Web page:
Listen: Hope 103.2 News Director Anita Savage talks to Katrina Roe about the drought. (Above: Aerial view of cattle mustering in NSW.)
By Clare BruceTuesday 15 Oct 2019
With recent rainfalls across Sydney, it’s all too easy for city-dwellers to lose touch with the drought that’s still very much gripping most of NSW and large parts of Australia.
Hope 103.2 News Director Anita Savage this week chatted to Katrina Roe about the extent of the drought, which is now being called the worst Australia’s recorded history.
The Bureau of Meterology has declared it worse than the WWII Drought and the Millennium Drought in 2000, and worse, too, than the Federation Drought that struck Australia at the turn of the 20th century 120 years ago.
NSW has officially been in drought since mid-2017, with 95 percent of the state now affected. The worst-affected areas of our state are the Hunter region, the Central West and Far West. Further north, large swathes of rural Queensland are also suffering.
“This is by far the worst drought our farmers have seen in their lives and they face a really tough summer if it doesn’t end soon,” Anita said. “Only really the Greater Sydney region and a little sliver of the state around the Snow Mountains are not affected.”
Water NSW, which manages the state’s rivers and bulk water supply, estimates that parts of regional NSW could run out of water as early as November.
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“Some towns in the state’s far north, when you turn on the kitchen tap nothing comes out – and they’re having to truck in water for everyday use,” Anita said.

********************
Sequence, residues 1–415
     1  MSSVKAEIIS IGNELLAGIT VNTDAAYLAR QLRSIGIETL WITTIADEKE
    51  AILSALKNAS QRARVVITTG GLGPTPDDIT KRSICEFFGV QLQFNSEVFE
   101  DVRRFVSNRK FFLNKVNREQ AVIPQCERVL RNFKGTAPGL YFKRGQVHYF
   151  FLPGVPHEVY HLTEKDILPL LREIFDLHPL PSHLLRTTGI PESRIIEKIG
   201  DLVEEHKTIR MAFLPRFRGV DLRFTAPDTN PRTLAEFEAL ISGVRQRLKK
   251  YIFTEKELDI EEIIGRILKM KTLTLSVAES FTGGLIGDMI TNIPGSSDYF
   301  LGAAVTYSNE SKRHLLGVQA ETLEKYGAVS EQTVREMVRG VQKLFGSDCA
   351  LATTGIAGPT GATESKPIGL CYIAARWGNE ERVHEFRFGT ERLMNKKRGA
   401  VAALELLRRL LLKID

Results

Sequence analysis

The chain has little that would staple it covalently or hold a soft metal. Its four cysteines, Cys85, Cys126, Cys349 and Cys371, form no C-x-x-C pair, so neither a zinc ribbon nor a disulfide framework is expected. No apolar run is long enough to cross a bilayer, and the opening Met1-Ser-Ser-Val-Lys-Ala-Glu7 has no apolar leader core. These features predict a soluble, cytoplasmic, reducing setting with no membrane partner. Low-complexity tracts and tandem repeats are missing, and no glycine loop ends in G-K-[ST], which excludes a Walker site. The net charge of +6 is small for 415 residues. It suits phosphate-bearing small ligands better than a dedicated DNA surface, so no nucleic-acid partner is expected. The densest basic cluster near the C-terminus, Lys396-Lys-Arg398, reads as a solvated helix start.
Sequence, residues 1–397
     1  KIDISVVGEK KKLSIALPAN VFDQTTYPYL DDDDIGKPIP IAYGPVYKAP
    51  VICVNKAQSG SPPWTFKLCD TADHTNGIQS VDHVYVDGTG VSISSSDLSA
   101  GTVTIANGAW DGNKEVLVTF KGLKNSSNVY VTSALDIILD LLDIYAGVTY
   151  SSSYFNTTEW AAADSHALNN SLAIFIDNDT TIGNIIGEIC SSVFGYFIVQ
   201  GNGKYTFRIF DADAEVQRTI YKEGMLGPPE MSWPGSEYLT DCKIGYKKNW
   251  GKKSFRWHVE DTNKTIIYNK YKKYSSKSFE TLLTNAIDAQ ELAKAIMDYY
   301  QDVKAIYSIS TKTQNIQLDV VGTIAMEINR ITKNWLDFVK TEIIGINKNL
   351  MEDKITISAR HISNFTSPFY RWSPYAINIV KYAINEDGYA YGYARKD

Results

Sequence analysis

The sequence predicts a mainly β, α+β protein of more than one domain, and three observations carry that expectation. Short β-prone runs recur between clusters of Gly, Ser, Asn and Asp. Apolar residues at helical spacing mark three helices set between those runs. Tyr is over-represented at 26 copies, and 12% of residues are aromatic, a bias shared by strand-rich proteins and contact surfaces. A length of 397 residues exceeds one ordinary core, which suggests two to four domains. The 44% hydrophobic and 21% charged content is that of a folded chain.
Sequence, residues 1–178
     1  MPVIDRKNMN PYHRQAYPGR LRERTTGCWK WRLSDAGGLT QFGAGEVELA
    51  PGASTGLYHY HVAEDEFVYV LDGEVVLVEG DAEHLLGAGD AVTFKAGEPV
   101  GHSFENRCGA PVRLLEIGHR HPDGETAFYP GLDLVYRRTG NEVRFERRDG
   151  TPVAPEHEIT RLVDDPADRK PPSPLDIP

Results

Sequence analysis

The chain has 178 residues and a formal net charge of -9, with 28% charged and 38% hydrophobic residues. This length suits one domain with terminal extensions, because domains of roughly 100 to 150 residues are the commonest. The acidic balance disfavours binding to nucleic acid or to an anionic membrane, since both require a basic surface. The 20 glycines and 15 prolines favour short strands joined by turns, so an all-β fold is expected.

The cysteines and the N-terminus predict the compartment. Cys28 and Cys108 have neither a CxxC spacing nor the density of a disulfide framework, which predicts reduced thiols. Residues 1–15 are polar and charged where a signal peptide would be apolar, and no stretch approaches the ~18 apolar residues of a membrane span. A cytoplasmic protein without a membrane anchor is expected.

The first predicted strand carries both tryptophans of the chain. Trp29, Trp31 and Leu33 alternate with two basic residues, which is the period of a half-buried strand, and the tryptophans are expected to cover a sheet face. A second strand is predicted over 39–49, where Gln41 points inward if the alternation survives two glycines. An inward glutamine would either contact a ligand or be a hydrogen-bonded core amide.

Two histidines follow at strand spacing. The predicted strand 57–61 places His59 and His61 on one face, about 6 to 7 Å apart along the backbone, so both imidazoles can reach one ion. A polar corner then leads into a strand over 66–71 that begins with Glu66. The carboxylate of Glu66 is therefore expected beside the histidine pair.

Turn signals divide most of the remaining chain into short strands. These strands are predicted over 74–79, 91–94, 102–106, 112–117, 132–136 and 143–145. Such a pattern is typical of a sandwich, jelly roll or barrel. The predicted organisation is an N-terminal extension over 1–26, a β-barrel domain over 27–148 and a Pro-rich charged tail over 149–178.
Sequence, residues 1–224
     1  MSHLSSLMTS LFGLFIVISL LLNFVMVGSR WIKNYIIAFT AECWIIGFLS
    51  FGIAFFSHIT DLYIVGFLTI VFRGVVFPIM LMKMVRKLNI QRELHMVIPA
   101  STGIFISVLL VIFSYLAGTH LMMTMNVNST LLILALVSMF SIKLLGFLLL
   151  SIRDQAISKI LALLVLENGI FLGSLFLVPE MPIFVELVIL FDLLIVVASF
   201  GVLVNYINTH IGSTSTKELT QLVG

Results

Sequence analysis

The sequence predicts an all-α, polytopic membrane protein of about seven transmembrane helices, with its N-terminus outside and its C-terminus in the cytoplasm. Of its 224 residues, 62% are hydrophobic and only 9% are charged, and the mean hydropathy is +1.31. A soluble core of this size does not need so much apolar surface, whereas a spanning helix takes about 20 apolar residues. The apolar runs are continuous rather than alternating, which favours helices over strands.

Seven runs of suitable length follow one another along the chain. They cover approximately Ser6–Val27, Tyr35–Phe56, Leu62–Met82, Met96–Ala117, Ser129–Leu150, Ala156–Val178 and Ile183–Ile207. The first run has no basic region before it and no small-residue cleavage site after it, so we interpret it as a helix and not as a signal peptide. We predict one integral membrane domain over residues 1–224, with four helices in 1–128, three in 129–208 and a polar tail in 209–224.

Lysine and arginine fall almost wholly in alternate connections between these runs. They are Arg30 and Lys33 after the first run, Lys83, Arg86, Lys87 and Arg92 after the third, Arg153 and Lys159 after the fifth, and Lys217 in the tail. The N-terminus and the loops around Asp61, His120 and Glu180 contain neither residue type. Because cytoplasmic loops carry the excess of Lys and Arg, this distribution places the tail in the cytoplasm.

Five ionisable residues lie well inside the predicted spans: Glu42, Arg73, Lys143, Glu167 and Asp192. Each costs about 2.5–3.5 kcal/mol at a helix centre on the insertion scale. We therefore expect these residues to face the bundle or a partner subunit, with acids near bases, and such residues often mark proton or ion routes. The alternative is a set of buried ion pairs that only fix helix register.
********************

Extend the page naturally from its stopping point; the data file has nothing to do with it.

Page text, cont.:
“Dubbo, Cobar, Nyngan and Narromine… are expecting to lose water by November.”
“Under the worst case scenario, the first more sizeable towns to lose water supply will be Dubbo, Cobar, Nyngan and Narromine. They’re expecting to lose water by November.”
The Macquarie River is currently forecast to run dry within a month, with its water inflow currently sitting at one fifteenth of its normal rates.
In their conversation, Anita and Katrina discuss the economic and social effects of the drought, and what our governments are doing to support farmers.
Water Restrictions in Place, Charities Raising Funds
Sydneysiders are being reminded that despite the recent rain, our city’s water supplies are still low and we all need to conserve water, with Level 1 water restrictions firmly in place.
The restrictions apply to everyone in Sydney, Blue Mountains and Illawarra regions. Rules include a ban on watering gardens with a hose between 10am and 4pm, and a ban on hosing down driveways and paved areas except for health, safety or emergency reasons. Washing of cars and bins is allowed, but only using buckets, hoses fitted with trigger-nozzles, or high-pressure cleaners.
While the government has support measures in place for farming communities, they are not enough, and numerous Australian charities are helping to meet the shortfall, with numerous fundraising appeals running. Head to the Hope 103.2 Help in the Drought page for a list of appeals you can support.